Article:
The pace of Silicon Valley’s explosion into societal consciousness, its shift from mild irrelevance to primary industry hub, may actually be grinding to a halt, with funding floundering below the surface.
The money pouring into tech companies has gone through various stages, with the modern tale starting with mid-1990s speculative investors and peaking when Wall Street started eyeing up slices of the Silicon Valley pie in more recent years.
Now, according to a report by CNBC, the next stage may be far more frugal. That’s because numerous companies below the top tier in tech are undergoing some significant reevaluations and the trend appears to be heading in one direction.
Take Dropbox, for example, which recently had to move away from two of its originally enthusiastic services, which many feel is a way to proposition themselves as a more attractive avenue for investment. Similarly focused new businesses like Box and Pure Storage, too, are seeing their valuations falter.
Cumulus Networks, Datadog and Zenefits are three other businesses noted by CNBC as under relative threat from this new norm.
“It’s a tale of two cities,” said Asheem Chandna, a partner at a California VC firm. The top-tier companies see plenty of investor demand, “but if you take the broader market beyond the top 10 to 20pc it’s fair to say there’s an adjustment happening,” he said.
Silicon Valley, a new age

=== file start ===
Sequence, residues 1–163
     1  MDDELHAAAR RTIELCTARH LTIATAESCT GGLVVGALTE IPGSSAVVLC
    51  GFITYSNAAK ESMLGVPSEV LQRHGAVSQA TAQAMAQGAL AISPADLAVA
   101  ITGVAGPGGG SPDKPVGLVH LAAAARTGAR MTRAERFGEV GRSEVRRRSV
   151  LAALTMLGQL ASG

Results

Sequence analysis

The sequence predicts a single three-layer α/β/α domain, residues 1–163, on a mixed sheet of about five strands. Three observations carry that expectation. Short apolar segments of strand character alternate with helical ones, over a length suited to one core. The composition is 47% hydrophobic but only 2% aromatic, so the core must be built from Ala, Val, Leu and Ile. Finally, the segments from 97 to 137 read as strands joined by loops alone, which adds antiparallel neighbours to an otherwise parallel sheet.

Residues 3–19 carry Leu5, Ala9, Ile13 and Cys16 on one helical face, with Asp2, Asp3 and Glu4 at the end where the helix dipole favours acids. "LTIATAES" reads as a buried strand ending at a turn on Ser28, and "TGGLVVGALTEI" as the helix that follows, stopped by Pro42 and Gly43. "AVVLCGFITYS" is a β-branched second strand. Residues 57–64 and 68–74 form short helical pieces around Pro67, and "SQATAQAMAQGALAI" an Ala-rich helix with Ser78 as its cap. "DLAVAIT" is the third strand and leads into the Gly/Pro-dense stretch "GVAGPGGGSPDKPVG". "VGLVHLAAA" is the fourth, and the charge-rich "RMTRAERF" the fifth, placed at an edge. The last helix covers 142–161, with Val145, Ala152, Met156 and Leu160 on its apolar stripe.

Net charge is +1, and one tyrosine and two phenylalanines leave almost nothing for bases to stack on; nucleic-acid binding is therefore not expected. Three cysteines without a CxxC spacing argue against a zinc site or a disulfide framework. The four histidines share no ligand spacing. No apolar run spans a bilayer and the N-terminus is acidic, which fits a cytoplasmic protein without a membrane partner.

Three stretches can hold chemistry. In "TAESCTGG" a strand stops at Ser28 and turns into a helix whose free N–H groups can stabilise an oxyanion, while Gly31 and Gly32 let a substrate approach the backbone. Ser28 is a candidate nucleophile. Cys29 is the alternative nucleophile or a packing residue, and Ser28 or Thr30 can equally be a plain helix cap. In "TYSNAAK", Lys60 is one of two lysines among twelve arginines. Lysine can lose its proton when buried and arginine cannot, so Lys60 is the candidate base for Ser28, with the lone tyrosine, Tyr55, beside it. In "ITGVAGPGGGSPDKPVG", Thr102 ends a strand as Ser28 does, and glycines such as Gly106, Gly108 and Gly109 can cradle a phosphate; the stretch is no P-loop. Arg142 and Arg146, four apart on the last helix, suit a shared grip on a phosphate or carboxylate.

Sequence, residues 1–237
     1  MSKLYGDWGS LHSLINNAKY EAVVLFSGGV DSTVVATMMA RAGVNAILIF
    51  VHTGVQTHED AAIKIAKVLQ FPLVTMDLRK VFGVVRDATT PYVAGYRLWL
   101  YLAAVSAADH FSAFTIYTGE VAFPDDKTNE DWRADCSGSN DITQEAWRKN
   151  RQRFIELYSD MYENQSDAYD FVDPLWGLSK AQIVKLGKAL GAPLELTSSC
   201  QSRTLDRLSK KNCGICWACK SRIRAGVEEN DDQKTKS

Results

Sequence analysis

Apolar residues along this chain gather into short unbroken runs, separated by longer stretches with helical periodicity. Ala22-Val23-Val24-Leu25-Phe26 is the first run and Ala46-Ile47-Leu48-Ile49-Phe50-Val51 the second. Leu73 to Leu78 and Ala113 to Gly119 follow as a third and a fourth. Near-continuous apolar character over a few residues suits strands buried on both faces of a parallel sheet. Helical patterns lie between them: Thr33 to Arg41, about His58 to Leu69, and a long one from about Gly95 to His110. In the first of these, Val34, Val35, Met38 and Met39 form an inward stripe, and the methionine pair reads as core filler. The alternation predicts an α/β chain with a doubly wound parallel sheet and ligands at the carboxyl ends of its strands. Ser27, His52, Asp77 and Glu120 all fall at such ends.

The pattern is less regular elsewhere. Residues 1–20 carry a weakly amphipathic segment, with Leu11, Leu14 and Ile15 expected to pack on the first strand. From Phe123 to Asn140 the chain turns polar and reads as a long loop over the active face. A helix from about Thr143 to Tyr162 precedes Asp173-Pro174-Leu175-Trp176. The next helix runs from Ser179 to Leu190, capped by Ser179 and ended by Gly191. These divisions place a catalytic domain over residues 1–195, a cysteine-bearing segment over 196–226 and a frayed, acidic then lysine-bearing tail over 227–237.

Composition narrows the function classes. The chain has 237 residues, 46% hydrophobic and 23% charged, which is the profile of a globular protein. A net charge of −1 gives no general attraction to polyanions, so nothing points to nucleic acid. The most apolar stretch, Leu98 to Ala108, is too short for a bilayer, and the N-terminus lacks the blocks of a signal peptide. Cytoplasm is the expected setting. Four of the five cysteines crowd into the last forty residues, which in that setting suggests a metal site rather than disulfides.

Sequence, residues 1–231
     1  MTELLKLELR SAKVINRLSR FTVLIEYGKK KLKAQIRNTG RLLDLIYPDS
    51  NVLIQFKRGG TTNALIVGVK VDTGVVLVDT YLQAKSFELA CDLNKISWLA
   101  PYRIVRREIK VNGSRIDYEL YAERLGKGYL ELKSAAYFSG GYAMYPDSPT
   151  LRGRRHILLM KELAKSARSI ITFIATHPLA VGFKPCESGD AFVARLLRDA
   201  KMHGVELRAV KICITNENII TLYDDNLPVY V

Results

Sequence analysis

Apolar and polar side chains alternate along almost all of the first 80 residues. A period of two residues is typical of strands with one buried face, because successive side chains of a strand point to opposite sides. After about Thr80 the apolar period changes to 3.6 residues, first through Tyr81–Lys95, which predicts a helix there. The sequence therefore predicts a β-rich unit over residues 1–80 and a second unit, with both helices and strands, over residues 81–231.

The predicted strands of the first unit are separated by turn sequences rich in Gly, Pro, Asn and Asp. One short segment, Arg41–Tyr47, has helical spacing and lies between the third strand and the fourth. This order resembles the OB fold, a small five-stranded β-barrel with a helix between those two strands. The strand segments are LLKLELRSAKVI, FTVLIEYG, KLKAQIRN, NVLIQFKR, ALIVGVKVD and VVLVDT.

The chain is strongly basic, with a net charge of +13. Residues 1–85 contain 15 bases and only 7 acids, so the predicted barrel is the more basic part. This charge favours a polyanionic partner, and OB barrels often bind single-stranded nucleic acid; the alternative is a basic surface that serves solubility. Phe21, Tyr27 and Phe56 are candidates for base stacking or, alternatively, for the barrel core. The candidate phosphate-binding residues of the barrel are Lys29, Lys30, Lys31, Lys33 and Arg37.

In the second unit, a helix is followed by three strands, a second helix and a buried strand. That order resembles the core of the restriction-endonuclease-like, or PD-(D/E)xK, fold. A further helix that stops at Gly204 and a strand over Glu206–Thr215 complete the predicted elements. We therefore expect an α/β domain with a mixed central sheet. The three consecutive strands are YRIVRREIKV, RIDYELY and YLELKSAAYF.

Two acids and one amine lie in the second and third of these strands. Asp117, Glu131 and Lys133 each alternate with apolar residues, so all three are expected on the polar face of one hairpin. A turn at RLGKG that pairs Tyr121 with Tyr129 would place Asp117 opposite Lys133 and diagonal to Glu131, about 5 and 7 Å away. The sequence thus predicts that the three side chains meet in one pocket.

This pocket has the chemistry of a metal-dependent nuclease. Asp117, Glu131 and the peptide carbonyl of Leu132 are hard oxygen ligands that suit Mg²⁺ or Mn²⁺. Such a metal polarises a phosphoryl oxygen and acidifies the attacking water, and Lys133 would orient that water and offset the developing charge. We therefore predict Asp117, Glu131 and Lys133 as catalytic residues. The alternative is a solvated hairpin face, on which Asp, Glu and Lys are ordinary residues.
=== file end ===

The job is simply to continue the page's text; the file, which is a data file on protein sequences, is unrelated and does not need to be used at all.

Back in October, rumblings were growing about the slow death of unicorns (start-ups that are valued above $1bn), well, more that the slow death had already started and was coming to a speedy conclusion.
The warning signs were everywhere earlier this year when venture capitalists were betting anyone in the world $100,000 that their growth predictions would come true.
“I’ve realised the odds that my own start-up will capitalise on one of the biggest run-ups in valuations of the past two decades is unlikely,” countered Mattermark’s Danielle Morrill in October, speculating that a vast reduction in funding was well underway.
And, according to this latest report, that’s certainly true. VCs are essentially wary of companies that run at a loss, burning capital to begin with. The problem for Silicon Valley is that, well, there are plenty of them.
How many businesses have you heard of in recent years that went three, four, five or more years without turning over a profit? If that never made sense to you before then now, perhaps, VCs are feeling the same way.
Well image via Shutterstock
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